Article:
As a fast developing major, criminology and criminal justice has become entrenched in American higher education. One can find the major in the overwhelming majority of American college and university campuses today. The curriculum of criminal justice and criminology, however, remains a contested field. Over the years, there are many laments on various aspects of criminal justice education. Some advocate for more classic readings so that students learn the nature of criminal justice education , others argue for more inclusive curriculum so that comparative/international criminology could occupy a more prominent position [2,3], and still others mourn the demise of police education . More recently, Rowe, McCann and Hemmens  complain about the marginalization of legal scholarship in criminology and criminal justice journals. As an interdisciplinary science, it is quite normal to hear these various arguments from the authors' own stand points. While all these concerns make sense in their own way, it is surprising that we have not heard any argument from the educators of criminal justice sciences that the curriculum of criminal justice education should make room for an introduction course of forensic science!
I attended the 2017 annual conference of American Society of Criminology in Philadelphia and a quick glimpse of the thick program book revealed the dearth of forensic science subjects in its hundreds of panels. It is very unfortunate that forensic science is largely absent from the dynamic and vibrant discussions of various aspects of criminology and criminal justice. As an interdisciplinary science, criminologists should not let this situation continue. We can shut our eyes to the study of forensic science, but we cannot avoid the omnipresence of forensic science in our daily life, especially for police officers who are engaging themselves in crime solving. We must expand our horizons and broaden our gaze.
As the history of criminal justice education as well as the name of criminal justice science suggests, we are offering students with a rich curriculum for criminal justice science, and science should be an indivisible part of the curriculum. Forensic science, although standing firmly as a part of hard science (i.e., physics, chemistry, biology etc.), should be brought into the curriculum of criminal justice education. It is also an international language in the same sense as all hard sciences are. Without some training in forensic science, criminal justice education looks intellectually shallow and conceptually narrow. A well-trained criminal justice graduate must not shy away from hard science and must have all-round knowledge about everyday life.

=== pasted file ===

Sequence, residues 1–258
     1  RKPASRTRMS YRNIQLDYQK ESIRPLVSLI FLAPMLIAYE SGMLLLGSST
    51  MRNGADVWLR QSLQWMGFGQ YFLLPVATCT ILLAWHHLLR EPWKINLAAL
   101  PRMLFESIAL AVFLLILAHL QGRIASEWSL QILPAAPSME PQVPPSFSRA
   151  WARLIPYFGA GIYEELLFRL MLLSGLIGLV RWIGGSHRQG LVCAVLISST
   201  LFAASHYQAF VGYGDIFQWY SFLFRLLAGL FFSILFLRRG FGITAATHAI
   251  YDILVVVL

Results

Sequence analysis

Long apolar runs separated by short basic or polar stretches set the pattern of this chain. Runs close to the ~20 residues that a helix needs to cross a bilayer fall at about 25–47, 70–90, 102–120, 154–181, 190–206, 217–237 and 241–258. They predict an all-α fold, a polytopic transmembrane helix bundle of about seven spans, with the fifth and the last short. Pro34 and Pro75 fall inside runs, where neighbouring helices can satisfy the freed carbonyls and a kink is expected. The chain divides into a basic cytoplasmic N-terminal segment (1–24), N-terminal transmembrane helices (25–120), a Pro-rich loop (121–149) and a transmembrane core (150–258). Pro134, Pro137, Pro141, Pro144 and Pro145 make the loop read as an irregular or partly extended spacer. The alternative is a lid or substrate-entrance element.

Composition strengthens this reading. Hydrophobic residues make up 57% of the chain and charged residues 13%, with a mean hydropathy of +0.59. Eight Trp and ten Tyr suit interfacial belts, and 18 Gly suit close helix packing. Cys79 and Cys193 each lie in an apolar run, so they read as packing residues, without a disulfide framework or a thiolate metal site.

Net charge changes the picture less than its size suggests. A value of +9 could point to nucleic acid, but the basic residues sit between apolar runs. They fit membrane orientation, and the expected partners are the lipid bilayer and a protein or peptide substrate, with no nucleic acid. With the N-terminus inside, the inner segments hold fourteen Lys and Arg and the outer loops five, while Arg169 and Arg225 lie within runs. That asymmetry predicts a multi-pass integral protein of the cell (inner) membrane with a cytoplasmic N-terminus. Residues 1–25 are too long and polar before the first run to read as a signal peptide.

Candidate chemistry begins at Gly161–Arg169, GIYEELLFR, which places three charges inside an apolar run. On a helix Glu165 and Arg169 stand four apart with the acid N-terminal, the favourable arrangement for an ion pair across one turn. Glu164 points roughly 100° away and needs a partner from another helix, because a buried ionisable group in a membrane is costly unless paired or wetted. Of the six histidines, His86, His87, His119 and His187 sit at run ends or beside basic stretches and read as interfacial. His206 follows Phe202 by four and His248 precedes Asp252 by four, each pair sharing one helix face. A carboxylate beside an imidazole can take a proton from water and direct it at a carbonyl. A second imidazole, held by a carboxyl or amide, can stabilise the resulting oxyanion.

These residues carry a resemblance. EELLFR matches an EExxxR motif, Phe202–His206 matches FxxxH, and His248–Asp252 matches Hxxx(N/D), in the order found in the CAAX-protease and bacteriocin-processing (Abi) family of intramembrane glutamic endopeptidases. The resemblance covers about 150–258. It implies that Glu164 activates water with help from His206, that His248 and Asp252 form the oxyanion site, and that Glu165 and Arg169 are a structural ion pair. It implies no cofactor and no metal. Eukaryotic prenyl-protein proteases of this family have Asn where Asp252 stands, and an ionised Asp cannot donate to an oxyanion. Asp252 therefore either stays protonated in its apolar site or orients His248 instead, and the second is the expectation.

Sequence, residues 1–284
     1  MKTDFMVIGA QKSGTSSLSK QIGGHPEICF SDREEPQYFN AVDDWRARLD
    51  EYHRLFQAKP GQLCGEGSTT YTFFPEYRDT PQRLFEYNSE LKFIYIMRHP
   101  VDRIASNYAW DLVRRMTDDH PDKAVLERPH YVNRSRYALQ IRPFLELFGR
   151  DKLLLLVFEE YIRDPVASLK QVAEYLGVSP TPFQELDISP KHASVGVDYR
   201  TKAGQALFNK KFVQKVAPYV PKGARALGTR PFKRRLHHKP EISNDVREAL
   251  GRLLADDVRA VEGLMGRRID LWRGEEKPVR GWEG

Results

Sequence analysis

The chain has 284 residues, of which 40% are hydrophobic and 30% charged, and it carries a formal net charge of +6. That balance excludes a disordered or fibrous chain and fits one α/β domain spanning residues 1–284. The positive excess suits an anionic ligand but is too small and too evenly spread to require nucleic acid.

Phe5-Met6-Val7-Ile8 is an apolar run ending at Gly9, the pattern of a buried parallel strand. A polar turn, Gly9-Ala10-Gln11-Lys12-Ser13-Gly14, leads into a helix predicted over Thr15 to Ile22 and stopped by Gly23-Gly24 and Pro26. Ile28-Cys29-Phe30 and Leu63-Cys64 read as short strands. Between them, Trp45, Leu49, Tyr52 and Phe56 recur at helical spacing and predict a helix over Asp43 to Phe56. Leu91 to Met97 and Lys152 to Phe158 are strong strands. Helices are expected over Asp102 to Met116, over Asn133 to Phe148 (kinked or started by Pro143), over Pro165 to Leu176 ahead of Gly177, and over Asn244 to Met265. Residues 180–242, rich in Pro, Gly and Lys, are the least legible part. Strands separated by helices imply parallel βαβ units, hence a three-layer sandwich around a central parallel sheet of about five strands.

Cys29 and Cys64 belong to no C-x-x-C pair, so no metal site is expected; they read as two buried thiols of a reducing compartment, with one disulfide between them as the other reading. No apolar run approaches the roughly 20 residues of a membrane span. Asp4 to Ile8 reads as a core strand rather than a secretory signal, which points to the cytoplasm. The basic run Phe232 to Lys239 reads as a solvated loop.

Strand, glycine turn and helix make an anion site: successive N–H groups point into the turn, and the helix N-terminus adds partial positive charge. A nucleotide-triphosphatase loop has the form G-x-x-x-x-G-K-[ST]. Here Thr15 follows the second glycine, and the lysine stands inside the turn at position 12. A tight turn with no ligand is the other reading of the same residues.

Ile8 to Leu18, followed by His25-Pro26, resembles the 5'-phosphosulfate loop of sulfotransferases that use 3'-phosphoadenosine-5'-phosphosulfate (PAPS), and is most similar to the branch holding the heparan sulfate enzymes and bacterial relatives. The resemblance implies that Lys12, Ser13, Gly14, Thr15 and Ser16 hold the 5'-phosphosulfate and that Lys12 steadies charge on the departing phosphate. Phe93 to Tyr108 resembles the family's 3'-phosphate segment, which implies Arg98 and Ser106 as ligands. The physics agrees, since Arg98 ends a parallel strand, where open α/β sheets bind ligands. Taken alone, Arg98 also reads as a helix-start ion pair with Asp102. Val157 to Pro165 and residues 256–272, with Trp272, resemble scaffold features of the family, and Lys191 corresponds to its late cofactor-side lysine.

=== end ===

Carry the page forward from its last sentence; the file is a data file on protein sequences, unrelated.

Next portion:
This is not an advocate for a replacement of forensic science of criminal justice education, or for increasing a variety of forensic subjects into the already crammed curriculum of criminal justice education. It is simply a call for including an introduction course of forensic science as a mandatory or selective course so that students of criminology and/or criminal justice majors can develop a more holistic and a more critical view of this extremely useful knowledge. The rapid rise of criminal justice science is a great political success story of American high education. Its sustainable success, however, depends on its scientific thinking and behaviour. Forensic science should be a part of that endeavour. Students of criminal justice science may not master any specific aspects or detailed knowledge of forensic science, but they would have a taste of various aspects of forensic science as they are related to their future jobs. As the globalization of crime and scientificnization of criminal justice, we, educators, must help students develop a forward-looking world view so that they will go out to change the status quo, not to maintain the status quo. In order to get rid of the view that criminal justice majors are not scientific enough and they are simply cash-cows, we must lay a solid scientific foundation for students so that they can build up the successful professional career from a scratch. We must prepare students for the challenges of the real world of the 21st century that they will face.